Expansion-minded tire recycling firm Recovery Technologies Group (RTG) held a grand opening May 28 for one new facility while almost simultaneously announcing plans to open two others.
RTG's tire grinding plant in Moncks Corner, S.C., was unveiled during a ceremony held in conjunction with Ford Motor Co.'s 100th anniversary celebration in South Carolina, according to an RTG spokesman. ``We were the ones who won the contract from Ford to collect the (recalled) Firestone tires, and we've had a close relationship with them since then,'' he said.
The Guttenberg-based firm purchased the 90,000-sq.-ft. Moncks Corner plant for $3.4 million at a bankruptcy auction on March 1, 2002. Formerly called Santee River Rubber L.L.C., the plant was designed to produce 150 million pounds of cryogenically ground rubber annually.
A trial run in July and August 2000 yielded several million pounds of crumb rubber that was snapped up by such buyers as Continental Tire North America Inc.
By the following year, however, Santee River was in bankruptcy, due to higher-than-expected construction costs and other problems. ``They used a little of our cryogenic technology, but they didn't have the tires or the markets available to them to remain viable,'' the RTG spokesman said.
RTG started up at Moncks Corner ``four or five months'' before the grand opening ceremony, he added. The plant currently has about 45 employees and an annual processing capacity of 2.6 million tires.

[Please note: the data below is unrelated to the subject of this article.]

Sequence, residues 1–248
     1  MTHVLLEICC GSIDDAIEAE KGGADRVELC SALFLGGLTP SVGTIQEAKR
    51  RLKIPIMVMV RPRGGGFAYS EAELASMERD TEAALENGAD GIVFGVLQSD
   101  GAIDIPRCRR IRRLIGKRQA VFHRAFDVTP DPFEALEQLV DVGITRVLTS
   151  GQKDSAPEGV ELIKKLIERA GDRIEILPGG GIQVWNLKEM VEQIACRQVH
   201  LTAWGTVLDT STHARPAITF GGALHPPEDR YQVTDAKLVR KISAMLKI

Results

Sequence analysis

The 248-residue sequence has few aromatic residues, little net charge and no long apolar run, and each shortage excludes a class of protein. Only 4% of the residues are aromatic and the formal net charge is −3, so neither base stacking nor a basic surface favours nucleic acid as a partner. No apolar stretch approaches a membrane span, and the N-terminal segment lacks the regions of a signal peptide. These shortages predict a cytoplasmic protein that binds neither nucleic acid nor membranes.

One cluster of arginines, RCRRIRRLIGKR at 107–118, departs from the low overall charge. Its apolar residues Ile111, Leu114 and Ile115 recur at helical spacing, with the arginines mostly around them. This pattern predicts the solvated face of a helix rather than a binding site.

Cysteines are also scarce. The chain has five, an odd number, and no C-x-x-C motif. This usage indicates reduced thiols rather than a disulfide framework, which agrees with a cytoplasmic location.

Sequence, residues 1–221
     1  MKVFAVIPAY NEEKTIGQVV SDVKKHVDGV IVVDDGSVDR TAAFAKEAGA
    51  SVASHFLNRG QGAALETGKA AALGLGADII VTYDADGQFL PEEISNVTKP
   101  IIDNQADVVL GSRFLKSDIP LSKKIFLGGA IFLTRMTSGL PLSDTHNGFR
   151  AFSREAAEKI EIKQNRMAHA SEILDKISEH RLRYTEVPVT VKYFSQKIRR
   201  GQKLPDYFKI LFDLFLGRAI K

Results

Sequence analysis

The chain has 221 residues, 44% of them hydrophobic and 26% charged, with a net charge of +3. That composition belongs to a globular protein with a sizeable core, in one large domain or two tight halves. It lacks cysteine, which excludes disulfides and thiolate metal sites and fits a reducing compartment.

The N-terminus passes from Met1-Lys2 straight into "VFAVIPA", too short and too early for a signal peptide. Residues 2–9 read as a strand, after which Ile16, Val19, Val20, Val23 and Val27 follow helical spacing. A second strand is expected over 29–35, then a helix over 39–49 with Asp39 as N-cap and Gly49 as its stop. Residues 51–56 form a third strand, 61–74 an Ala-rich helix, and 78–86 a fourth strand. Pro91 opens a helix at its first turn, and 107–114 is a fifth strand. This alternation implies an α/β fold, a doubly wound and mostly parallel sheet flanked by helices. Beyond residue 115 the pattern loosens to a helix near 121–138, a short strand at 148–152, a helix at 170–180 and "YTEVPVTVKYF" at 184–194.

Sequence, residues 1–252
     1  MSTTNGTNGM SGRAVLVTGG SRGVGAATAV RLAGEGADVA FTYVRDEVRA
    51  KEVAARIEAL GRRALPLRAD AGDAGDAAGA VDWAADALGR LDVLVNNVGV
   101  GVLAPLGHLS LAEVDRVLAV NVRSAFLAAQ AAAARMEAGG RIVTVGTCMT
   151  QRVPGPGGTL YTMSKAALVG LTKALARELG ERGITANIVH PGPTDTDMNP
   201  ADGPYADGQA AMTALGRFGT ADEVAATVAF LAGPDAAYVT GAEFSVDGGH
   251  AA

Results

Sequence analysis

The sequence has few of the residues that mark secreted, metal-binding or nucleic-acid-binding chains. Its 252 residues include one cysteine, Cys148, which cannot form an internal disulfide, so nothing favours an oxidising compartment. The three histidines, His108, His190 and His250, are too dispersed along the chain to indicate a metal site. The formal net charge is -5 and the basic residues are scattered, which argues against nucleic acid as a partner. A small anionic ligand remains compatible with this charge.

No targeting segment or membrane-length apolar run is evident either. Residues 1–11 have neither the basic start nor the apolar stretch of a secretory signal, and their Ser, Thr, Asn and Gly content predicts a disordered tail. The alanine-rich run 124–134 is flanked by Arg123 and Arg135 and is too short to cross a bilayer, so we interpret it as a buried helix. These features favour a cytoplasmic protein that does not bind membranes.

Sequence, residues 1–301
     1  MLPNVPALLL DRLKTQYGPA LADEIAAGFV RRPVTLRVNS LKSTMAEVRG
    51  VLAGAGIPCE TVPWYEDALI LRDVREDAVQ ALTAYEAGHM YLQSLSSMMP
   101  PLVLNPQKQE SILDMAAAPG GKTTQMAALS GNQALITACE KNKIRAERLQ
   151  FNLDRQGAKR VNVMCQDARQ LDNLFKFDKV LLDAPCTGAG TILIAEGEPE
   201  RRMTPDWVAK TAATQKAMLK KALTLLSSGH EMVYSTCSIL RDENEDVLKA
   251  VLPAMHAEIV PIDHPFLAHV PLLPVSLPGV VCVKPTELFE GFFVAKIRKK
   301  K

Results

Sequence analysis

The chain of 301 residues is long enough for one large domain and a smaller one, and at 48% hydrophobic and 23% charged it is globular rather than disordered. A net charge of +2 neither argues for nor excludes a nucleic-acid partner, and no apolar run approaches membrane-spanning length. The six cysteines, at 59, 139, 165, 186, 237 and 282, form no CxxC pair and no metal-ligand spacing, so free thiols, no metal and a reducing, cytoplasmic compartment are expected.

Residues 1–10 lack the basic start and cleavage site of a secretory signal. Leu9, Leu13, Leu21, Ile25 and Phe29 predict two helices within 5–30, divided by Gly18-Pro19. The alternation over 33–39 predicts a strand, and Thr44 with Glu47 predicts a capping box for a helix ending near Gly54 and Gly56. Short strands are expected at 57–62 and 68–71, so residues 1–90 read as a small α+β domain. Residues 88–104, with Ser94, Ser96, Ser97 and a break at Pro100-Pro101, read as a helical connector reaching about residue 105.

Meanwhile, RTG also announced it is leasing 40,000 square feet in the City of Albany Empire Zone in Albany, N.Y., to create an advanced-technology tire recycling center there by the end of August, the spokesman said. That facility will employ about 50 and use just-in-time technology to avoid storing tires on the site.
The company also plans to lease 40,000 square feet at the Rotterdam Industrial Park in Rotterdam, N.Y., to open a plant that will make garden mulch out of scrap tires. That facility will employ 23 and also use just-in-time technology, the spokesman said, although he didn't have a start-up date for that site.
RTG already has a presence in New York state, thanks to a 90,000-sq.-ft. warehouse in Romulus, N.Y., that stores crumb rubber intended for athletic fields. That facility employs 25.
The tire recycler's connection with Ford paid off big in New York, in that Ford officials brought RTG together with Empire State Development, the state's leading economic development entity. Locating in New York allows RTG to apply for up to $800,000 in grants through the state's Environmental Investment Program. RTG claims to be the largest tire recycler in North America, with 17 locations throughout the U.S. and Canada, six of which use the company's proprietary cryogenic technology.
More than 600 RTG employees process more than 40 million scrap tires annually, collected in all 50 states and three Canadian provinces. It markets crumb rubber to a wide variety of industries including asphalt rubber, artificial turf, landscape mulch, children's playgrounds, athletic fields and carpet underlay.